For Trebicka, this experience fueled her passion to understand the origins of ethnic conflicts. As a University Scholar, the recipient of one of the University of Richmond’s few merit scholarships, Trebicka was free to design her own major, allowing her to fully immerse herself in the study of interethnic conflict.
“When it comes to academia, people often ask ‘Is this really relevant?’” says Mari Lee Mifsud, professor of rhetoric and communication studies. “With Viola, it was never that. She has truly infused her work with a sense of reality, meaning and purpose.”
Her hard work has paid off. Trebicka’s research has been showcased at the Arts and Sciences Symposium at UR, as well as the Mid-Atlantic Slavic Conference at Columbia University, where she was the only undergraduate presenter. Three weeks ago, Trebicka was awarded Richmond’s David C. Evans Award for Outstanding Achievement in Scholarship for her work.
And although her last exam was due Friday, she still has one more duty to fulfill at Richmond.
As the Most Outstanding Student of 2004, Trebicka will carry the University Mace as she leads her class into the Robins Center at Sunday’s graduation.
Having her name inscribed on the mace is one of the highest honors that can be bestowed upon a UR graduate. It’s a fitting tribute for someone like Trebicka who shines both academically and in character, says Juliette Landphair, dean of UR’s Westhampton College.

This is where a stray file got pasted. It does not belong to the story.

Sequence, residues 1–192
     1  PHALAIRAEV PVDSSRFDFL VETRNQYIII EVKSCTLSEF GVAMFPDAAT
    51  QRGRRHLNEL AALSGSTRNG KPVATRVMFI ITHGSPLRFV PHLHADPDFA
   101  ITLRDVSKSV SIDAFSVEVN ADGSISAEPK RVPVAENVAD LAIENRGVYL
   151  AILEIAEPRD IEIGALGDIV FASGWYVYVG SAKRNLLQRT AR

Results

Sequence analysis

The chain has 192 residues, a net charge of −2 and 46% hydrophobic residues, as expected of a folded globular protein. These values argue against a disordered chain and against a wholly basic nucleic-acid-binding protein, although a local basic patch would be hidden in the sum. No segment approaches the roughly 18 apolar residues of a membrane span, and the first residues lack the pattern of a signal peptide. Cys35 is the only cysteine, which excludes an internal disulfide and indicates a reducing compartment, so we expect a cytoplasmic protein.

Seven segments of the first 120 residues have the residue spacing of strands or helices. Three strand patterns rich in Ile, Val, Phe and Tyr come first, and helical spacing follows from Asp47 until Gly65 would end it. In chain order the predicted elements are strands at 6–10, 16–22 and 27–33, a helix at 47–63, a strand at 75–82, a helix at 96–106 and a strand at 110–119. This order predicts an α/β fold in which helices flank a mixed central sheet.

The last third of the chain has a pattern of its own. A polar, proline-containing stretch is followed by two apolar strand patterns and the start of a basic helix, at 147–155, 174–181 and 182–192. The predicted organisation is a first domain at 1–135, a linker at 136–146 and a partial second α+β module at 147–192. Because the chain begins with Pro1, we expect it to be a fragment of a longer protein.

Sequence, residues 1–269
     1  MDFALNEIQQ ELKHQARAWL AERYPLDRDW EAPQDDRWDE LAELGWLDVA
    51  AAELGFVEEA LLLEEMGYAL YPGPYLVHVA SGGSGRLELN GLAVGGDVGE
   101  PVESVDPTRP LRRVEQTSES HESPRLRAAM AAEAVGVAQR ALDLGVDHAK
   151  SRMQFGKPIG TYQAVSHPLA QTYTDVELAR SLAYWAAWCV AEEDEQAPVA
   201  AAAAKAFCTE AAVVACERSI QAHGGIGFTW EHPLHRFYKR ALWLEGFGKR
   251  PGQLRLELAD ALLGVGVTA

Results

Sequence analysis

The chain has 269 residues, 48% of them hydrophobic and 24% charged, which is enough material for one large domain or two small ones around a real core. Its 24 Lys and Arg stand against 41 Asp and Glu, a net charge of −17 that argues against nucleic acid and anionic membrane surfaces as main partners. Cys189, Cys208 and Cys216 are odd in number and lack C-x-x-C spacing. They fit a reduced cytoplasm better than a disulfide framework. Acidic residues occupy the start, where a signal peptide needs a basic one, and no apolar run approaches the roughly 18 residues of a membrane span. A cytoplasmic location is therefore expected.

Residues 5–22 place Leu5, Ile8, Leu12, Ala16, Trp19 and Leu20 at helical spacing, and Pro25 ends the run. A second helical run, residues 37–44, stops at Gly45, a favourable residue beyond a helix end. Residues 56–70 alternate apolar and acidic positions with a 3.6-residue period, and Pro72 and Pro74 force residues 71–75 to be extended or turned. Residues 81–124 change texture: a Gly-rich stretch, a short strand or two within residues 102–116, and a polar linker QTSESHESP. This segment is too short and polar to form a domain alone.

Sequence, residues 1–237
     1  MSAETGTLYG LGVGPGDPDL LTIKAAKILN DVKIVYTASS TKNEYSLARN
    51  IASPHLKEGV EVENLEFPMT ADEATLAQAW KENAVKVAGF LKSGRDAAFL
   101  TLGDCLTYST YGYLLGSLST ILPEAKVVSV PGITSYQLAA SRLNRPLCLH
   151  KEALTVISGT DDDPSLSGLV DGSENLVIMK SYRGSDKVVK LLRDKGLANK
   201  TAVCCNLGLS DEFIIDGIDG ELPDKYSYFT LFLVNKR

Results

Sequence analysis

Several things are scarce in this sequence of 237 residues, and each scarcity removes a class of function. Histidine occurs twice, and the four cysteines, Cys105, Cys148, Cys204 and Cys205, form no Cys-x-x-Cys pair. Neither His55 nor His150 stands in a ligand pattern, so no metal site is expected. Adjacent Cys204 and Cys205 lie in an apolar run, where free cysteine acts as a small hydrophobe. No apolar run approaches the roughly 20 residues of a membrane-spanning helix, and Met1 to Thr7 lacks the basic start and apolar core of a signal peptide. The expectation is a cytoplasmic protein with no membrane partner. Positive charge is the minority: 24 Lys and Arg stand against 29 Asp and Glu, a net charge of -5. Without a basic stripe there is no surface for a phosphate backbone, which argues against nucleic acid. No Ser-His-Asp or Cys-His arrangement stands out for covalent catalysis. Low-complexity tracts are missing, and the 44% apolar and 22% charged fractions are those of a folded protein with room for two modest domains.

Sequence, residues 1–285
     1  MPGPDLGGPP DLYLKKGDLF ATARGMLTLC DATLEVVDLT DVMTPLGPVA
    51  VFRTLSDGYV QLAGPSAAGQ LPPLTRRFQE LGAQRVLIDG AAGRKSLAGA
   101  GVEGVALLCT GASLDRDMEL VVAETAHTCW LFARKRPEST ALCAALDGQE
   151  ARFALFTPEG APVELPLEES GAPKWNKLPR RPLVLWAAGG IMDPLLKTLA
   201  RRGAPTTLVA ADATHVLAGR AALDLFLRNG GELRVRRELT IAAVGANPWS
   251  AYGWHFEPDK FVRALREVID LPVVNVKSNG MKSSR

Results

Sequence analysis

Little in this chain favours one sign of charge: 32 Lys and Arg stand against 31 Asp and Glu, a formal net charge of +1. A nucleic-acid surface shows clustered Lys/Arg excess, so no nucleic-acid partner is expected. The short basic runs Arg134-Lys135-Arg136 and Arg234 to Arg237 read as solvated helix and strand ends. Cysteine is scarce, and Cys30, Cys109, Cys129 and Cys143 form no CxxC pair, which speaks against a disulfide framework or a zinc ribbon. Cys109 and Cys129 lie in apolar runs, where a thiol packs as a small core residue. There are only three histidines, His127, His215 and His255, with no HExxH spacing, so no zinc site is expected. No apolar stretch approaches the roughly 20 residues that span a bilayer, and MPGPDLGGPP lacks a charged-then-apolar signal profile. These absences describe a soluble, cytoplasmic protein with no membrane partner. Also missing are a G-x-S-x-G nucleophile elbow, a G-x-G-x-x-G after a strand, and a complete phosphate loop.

“When it comes to deciding awards for graduation,” Landphair says, “there was no question about this one. It had to be Viola.”
The biggest honor, Trebicka says, will be having her parents in the audience to watch her graduate May 9. When Landphair heard that Trebicka’s parents would not be able to attend the ceremony for financial reasons, she quickly searched for ways to raise funds to cover their travel expenses from Albania.
“I cannot wait to have my parents here next week,” Trebicka says. “I am just so happy that everything worked out.”
For Trebicka, Sunday will offer a time for two very different aspects of her life to finally meet. “My heart is definitely at home in Albania,” she says, “but I’m so imbued with American culture, I cannot deny that side of me either. Sometimes I feel like I am living between two worlds.”
In addition to her devotion to her studies, Trebicka has fully immersed herself in Richmond student life, participating in Mock Trial, the Women Involved in Living and Learning Program, and the International Club. She is the president of Omicron Delta Kappa, an honor fraternity, and founder of UR’s fencing club.
Trebicka first came to the United States as an exchange student, spending her senior year of high school in Arlington. “I fell in love with Virginia right away,” Trebicka says with a smile and slight Eastern European accent. “It was beautiful — you cannot debate that.”
On the advice of one of her teachers, Trebicka applied to UR despite her inability to pay tuition. “I cannot be more grateful to this university for making it possible for me to come,” Trebicka says.
But she’s far from done.
After a weekend of graduation festivities, Trebicka plans to throw herself right back into her studies. “My lifelong goal is to transform interethnic conflicts into something useful,” Trebicka says.
She will spend this summer teaching and translating for students in Kosovo before beginning her next challenge in the fall: Harvard Law School.
“I’m thrilled, Trebicka says. “I feel like law school is the next step I need for what I want to do with my life.”
For now, Tribecka simply hopes to enjoy the few moments she has left at UR. “Richmond has been amazing,” she says. “I don’t know if I’m gonna find this warm Southern culture in Boston!” S
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